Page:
For my whole life, I've used creativity to manage my depression and anxiety. In childhood, I colored, cross-stitched, crocheted, and painted through the ups and downs of growing up. In high-school and college, I included art as part of my coursework. In adulthood, I have had to repeatedly and deliberately call myself and artist. I built art into my life knowing that I'm so much better off immersed in the process of making something. More and more, I'm realizing it's less of a choice and more of an unavoidable vocation. No matter what life decisions I make --erroneously or otherwise--that pull me away from my vocation, I always find a way to circle back.
Now that I'm fully committed to this artist life and trying to make a living doing it, I'm still struggling with depression. It's of a different variety, though. Not only is there the pressure to succeed financially, but also there is the pressure to create something worthwhile for myself and others. I strive to keep fear and doubt on the sidelines and often find myself repeating Dory's mantra--"Just keep swimming." I no doubt am aware of the privilege I have to be able to live a life as a full-time artist, and this knowing prods me further to not squander this opportunity.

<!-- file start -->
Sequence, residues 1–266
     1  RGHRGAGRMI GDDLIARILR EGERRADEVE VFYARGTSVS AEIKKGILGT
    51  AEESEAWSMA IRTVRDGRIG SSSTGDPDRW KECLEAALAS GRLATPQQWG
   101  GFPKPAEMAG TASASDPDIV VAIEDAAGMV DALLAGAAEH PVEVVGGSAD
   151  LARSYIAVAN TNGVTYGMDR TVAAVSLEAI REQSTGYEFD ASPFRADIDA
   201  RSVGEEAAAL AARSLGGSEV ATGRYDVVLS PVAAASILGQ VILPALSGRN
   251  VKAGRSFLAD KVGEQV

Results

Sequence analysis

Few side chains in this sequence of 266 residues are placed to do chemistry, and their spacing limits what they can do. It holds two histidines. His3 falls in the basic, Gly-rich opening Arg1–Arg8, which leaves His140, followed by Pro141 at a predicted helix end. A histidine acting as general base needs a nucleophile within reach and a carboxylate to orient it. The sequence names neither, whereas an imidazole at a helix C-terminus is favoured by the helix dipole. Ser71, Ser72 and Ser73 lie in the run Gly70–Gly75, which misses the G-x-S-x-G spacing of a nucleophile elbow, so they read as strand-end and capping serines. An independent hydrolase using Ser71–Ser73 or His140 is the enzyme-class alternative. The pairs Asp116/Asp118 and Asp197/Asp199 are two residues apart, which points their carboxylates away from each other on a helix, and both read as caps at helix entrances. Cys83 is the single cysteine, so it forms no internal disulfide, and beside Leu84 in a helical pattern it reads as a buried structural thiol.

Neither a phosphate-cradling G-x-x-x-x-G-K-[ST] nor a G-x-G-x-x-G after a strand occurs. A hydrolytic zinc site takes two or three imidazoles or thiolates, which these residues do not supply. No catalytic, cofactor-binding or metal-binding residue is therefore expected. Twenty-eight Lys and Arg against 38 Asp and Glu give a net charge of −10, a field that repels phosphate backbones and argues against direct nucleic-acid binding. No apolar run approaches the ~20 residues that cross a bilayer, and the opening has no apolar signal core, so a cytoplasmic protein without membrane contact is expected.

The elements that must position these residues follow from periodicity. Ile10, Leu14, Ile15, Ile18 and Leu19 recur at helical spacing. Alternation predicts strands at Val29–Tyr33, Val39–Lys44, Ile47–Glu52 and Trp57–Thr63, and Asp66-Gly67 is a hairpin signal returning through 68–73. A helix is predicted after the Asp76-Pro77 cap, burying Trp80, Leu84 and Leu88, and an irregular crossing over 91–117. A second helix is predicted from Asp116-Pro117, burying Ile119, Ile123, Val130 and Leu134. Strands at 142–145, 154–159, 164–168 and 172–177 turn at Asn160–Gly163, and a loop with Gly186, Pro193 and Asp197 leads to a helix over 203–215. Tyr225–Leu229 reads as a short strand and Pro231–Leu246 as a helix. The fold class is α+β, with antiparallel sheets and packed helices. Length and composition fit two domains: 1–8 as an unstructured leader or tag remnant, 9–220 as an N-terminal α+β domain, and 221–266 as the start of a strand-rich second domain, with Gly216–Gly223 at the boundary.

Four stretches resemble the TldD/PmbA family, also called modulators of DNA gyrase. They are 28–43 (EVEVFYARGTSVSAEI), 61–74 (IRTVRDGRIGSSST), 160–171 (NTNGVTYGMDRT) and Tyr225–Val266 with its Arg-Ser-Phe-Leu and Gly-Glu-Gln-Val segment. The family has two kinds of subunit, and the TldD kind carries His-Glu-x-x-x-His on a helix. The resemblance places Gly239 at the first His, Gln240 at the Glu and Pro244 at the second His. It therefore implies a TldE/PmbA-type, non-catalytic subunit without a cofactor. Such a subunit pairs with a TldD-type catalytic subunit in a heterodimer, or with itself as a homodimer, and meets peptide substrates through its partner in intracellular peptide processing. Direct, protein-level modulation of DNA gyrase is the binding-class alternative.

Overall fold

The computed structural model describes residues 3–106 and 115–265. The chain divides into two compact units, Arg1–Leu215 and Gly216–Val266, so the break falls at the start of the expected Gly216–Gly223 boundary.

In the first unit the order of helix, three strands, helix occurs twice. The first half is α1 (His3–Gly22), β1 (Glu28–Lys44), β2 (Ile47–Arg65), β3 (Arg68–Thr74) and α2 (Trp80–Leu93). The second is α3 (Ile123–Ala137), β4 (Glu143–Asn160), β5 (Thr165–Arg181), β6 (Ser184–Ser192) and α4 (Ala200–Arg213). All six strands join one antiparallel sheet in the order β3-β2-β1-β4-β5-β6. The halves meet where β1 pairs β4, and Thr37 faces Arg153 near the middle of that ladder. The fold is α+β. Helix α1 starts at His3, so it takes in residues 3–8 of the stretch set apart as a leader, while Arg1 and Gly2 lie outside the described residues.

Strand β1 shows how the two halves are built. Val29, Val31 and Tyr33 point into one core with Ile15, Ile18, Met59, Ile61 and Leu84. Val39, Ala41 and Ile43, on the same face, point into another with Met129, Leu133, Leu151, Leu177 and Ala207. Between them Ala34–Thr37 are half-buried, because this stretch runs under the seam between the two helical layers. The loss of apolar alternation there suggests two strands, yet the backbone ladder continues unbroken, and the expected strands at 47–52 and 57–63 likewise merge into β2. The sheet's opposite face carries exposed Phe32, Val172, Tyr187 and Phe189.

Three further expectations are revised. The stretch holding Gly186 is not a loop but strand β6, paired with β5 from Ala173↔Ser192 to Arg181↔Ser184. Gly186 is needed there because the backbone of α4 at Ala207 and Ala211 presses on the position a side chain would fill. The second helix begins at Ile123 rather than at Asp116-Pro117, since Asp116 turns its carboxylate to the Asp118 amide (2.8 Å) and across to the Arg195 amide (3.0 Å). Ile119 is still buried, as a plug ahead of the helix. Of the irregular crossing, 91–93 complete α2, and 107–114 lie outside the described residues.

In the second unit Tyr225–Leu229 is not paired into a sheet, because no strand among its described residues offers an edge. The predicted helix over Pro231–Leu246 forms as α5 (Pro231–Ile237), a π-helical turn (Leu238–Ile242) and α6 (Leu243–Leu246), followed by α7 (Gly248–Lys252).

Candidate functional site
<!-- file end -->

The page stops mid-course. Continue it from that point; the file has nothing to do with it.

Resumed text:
For me what is eternally hopeful about creativity and artmaking is that in the actuality of making things we learn about our worlds through close, sensory perception, and we very literally and physically shape our worlds to our own desires. We have the power to recreate, re-imagine, and manipulate our lives and circumstances through limitless creative endeavors. I find tremendous hope in this practice and look forward to making and making and remaking and making. . .
Anna Lentz, artist, writer, and creativity coach who blogs about making a creative life connected with nature at Spring Bird.